Pearl Izumi Kissaki 2.0 General Info:

The Kissaki is a neutral daily trainer that also has the potential to be a race shoe as well. A double-edged sword for runners, if you would be so inclined to think of them in that capacity. The 2.0 returns with the same reliable midsole, outsole, and a redesigned upper that provides improved fit and support.

Pearl Izumi Kissaki 2.0 First Impression:

I had the opportunity to run and review the Kissaki last year. I heavily criticized the fit and comfort of the upper but definitely saw a lot of potential in the shoe. So when v2.0 arrived I was excited to see what changes if any had been made. When I opened the box I was elated to see a newly renovated upper.

Placing my foot into the shoe brought a smile to face as all the problems that plagued the shoe previously had been expunged and what I was wearing now was a comfortable light weight daily trainer that I couldn’t wait to get out and run on.

Pearl Izumi Kissaki 2.0 Sole Unit:

Pearl Izumi wisely decided to go with what works and recreated the exact midsole that worked so well for v1.0. I really became a fan of this midsole, which is why I couldn’t give up on the shoe so easily after its first go around. The 1:1 energy return foam does such an awesome job of transferring energy back to the runner verses just displacing it. The responsiveness is nice and resilient.

The flex grooves along the forefoot also have had no changes made and continue to provide optimum flexibility through the forefoot.

Traction with the 2.0 still impresses me as the shoe performs well both on and off road, and also handles wet conditions like a champion as well.

Pearl Izumi Kissaki 2.0 Upper:

AHHH now here is where we get to the good part. In v1.0 a seamless upper was used with some rather oddly placed bonded overlays. V2.0 still returns with a seamless upper but uses a slightly thinner more flexible mesh, and less substantial and better positioned bonded overlays. This combination not only has increased overall flexibility of the upper, but also eliminated the awkward pinch points in the toebox that the overlay previously created. This has also created a slightly roomier feeling toebox as well.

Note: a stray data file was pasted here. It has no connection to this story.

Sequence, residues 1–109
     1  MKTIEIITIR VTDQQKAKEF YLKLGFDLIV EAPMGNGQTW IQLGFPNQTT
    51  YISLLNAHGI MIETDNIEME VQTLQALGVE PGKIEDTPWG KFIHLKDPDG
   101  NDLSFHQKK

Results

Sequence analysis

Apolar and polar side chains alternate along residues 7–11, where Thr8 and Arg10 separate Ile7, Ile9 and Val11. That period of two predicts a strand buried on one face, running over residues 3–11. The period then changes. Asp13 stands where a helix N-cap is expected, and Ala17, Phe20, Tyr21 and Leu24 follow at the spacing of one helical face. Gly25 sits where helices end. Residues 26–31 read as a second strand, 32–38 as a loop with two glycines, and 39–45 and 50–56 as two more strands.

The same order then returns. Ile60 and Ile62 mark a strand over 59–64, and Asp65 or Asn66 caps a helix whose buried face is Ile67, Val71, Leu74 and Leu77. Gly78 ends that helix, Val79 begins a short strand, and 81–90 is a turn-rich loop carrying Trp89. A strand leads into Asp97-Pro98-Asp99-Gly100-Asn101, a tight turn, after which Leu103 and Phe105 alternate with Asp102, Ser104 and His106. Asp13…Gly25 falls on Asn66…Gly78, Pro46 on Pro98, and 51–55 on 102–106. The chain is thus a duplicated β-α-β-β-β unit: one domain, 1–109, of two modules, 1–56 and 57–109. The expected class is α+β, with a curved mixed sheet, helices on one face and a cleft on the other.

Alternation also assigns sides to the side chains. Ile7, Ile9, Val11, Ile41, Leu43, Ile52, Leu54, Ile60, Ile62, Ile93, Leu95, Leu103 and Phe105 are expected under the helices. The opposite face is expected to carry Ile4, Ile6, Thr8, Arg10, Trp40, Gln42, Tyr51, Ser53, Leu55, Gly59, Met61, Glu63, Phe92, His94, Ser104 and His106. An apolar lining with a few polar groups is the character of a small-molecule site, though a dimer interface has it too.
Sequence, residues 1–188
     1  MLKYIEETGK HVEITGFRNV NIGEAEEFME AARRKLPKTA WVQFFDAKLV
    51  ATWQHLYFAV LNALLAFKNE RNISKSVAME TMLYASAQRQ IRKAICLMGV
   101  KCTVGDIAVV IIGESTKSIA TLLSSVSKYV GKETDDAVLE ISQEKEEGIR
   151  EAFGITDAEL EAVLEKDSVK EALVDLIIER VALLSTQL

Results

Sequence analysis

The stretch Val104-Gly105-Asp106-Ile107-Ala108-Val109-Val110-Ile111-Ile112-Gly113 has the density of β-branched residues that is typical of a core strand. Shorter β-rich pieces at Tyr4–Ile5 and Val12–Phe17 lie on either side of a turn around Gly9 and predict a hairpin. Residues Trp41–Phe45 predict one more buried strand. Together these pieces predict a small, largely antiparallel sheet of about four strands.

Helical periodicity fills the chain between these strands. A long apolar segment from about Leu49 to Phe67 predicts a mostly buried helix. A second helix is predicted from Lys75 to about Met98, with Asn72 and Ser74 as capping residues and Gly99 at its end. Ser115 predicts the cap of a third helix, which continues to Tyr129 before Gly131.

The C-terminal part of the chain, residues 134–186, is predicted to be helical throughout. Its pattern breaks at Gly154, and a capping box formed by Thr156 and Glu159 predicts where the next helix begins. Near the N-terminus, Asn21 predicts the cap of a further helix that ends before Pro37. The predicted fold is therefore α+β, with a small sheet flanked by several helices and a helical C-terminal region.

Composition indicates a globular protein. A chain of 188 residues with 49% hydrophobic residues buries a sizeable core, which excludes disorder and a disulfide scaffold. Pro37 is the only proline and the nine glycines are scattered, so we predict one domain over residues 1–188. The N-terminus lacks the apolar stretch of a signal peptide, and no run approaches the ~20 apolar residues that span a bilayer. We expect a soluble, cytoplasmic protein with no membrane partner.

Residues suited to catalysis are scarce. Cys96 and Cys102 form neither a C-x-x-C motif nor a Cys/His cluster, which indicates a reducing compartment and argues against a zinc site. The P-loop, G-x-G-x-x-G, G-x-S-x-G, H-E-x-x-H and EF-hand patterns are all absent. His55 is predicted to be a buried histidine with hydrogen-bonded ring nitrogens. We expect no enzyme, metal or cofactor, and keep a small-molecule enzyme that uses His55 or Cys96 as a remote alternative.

Many will remember that v1.0 had a unique wrap around tongue that I particularly had no problem with and actually found it to be a redeeming quality of the upper. I guess that I didn’t make the cut either as it has been replaced with a standard padded tongue that fits nice also.

Moving on to the two biggest areas of contention that I had with v1.0 the lacing system and heel counter. So the lacing system before really seemed more like a zipper than anything. It was comprised of a series of tight rigid loops spaced close together. What this did was create pressure to the top of the foot and left the mid foot sloppy. To combat this problem Pearl Izumi has gone to a somewhat more traditional overlay lacing system with an added touch. Inside the upper is an additional heavier bonded support that wraps the foot bilaterally. This new system is definitely a 180 from before providing a snug and comfortable fit.

The heel counter as I mentioned also has improved. The loading dock that was used before has been slimmed and dropped. This new heel has more of a race car seat feel hugging the heel and supporting it rather than the dump truck bed that just held it in place before.

Pearl Izumi Kissaki 2.0 Opinion:

So I ask myself again weapons for the feet? This time I will have to say most certainly so. I think that Pearl Izumi has created a killer shoe by using what works leaving it alone, and fixing what doesn’t. What they have created is a lightweight shoe that has great resilient cushioning and a fast seamless transition.

The only fault that I have is that once again the shoe runs a little small and most runners should consider going a ½ size up. Aside from that this shoe will make any efficient neutral runner an outstanding daily trainer and even a good race day choice as well.

We thank the nice people at Pearl Izumi for sending us a pair of Kissaki 2.0 to test. This did not influence the outcome of the review, written after running more than 50 miles in them.